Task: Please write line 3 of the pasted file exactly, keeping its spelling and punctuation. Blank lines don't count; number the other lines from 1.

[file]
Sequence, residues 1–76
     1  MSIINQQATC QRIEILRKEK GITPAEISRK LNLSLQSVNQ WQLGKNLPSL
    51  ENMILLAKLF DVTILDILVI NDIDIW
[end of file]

    51  ENMILLAKLF DVTILDILVI NDIDIW